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The impact of workplace violence on nursing policy.
Kanga-M; Messing-J; Campbell-J; Kub-J; Fitzgerald-S; Agnew-J; Sheridah-D; Bolyard-R
Johns Hopkins Urban Health Institute, Baltimore Research Day May 9, 2008, Baltimore, Maryland. Baltimore. MD: Johns Hopkins University, 2008 Jul; :47-48
Workplace violence (WPV), including workplace intimate partner violence, has major long-term health and employment outcomes and affects nursing personnel in significant numbers. By affecting productivity, absenteeism and job satisfaction, workplace violence also may significantly affect nursing personnel retention and, therefore, the nursing shortage. However, the risk and protective factors for these outcomes have rarely been examined prospectively with self report data in order to address underreporting issues. The main objectives of this study were to attain prevalence data on workplace violence within the nursing profession, investigate differences between victims and non-victims of workplace violence, and identify the reporting patterns of workplace violence. The target population was nurses and nursing personnel at three Hospitals in Baltimore, MD. This study used online self report surveys to identify nursing personnel who have experienced workplace violence during the past year and follow them prospectively. At baseline, 30.3% of the participants reported experiencing physical (19.8%) and/or psychological (20%) WPV in the past 12 months. At this time, selected participants have been followed for 6 months. A case control design was utilized to select 1695 participants for follow-up, including the population of nursing personnel who experienced WPV (cases; n=652) and a random sample of controls (n=1035). The response rate was 81.3% (n=1378). 37% of follow-up participants reported experiencing physical (23.9%) and/or psychological (24.5%) violence in the approximately 6 months between baseline and follow-up surveys. Of those who reported experiencing WPV at follow-up, 21.8% had not reported experiencing WPV at Baseline. At baseline, 53.7% of those experiencing physical WPV and 25.6% of those experiencing psychological WPV reported this incident through formal channels at their workplace, Logistic regression was used to examine the risk factors for WPV at follow-up. Nurses were more likely than non-nursing personnel to be the victims of WPV, as were participants who identify as White. Variables regarding hospital unit had the highest adjusted odds ratios; significantly more WPV was reported by nursing personnel who work in the Emergency Department and the Psychiatric Unit. Childhood physical and sexual abuse also were risk factors for experiencing WPV. Those participants who reported being depressed (CESD-10) at baseline were significantly more likely to report WPV at follow-up. Burnout was measured using the Copenhagen Scales at Baseline. Personal Burnout at baseline predicted experiences of WPV at follow-up. However, Client Burnout shows the opposite effect, with nursing personnel who reported Client Burnout at baseline significantly less likely to report WPV at follow-up. These results have important implications for policy changes in the area of nursing personnel safety, including WPV education, support and prevention. Workplace violence education could be implemented into all Baltimore hospital personnel's training agendas, the importance of sensitivity to this problem could be stressed with hospital administration, and a more friendly system reporting workplace violence could be devised. It is likely that the implementation of these measures could easily be absorbed by hospital budgets and, in some cases, may cost nothing at all. If these steps were taken, the prevalence and negative consequences of workplace violence may decrease in Baltimore area hospitals. Additionally, results suggest that workplace violence may play an important role in the current nursing shortage, as significantly more victims of WPV indicated their desire to leave their position than did nursing personnel who did not experience WPV. It is essential that policy changes be implemented in order to improve the morale and retention of nursing personnel. This longitudinal study is ongoing, with a sufficient amount of research funding to survey the participants again in approximately 6 months. It is hoped that this research will have lasting effects on hospital policy and the response to WPV in hospital settings.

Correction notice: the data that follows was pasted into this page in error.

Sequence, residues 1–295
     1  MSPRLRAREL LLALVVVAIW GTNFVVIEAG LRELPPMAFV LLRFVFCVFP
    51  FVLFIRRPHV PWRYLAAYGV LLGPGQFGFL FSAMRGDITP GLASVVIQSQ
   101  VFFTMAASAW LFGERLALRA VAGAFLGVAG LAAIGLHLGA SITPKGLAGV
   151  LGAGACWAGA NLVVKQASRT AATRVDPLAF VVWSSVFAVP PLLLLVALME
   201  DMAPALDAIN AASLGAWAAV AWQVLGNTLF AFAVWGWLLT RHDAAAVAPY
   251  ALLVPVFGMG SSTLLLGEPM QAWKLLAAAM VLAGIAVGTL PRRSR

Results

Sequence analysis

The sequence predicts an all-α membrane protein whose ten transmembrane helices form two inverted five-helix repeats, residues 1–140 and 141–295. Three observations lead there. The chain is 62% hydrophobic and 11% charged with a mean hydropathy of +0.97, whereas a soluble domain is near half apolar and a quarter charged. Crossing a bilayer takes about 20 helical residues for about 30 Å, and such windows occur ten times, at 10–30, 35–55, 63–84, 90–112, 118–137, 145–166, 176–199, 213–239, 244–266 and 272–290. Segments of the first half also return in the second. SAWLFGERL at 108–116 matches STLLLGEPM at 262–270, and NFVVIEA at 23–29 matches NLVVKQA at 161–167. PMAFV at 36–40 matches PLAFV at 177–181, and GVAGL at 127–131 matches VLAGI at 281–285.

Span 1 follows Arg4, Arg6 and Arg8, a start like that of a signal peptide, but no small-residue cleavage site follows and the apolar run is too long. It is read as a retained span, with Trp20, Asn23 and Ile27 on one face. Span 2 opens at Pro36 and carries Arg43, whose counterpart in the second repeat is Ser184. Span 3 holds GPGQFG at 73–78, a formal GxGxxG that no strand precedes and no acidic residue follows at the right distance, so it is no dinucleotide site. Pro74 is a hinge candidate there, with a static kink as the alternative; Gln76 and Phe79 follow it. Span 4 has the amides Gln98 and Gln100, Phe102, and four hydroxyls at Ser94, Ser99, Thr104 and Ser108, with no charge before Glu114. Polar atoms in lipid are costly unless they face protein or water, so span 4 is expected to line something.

Force; Workers; Work-environment; Injuries; Mental-health; Mental-stress; Physical-stress; Physiological-effects; Physiological-stress; Psychological-factors; Psychological-reactions; Psychological-stress; Psychology; Health-care-personnel; Medical-personnel; Humans; Men; Women; Nurses; Nursing; Statistical-analysis; Risk-factors; Exposure-levels
Johns Hopkins Urban Health Institute, Baltimore Research Day May 9, 2008, Baltimore, Maryland
Johns Hopkins University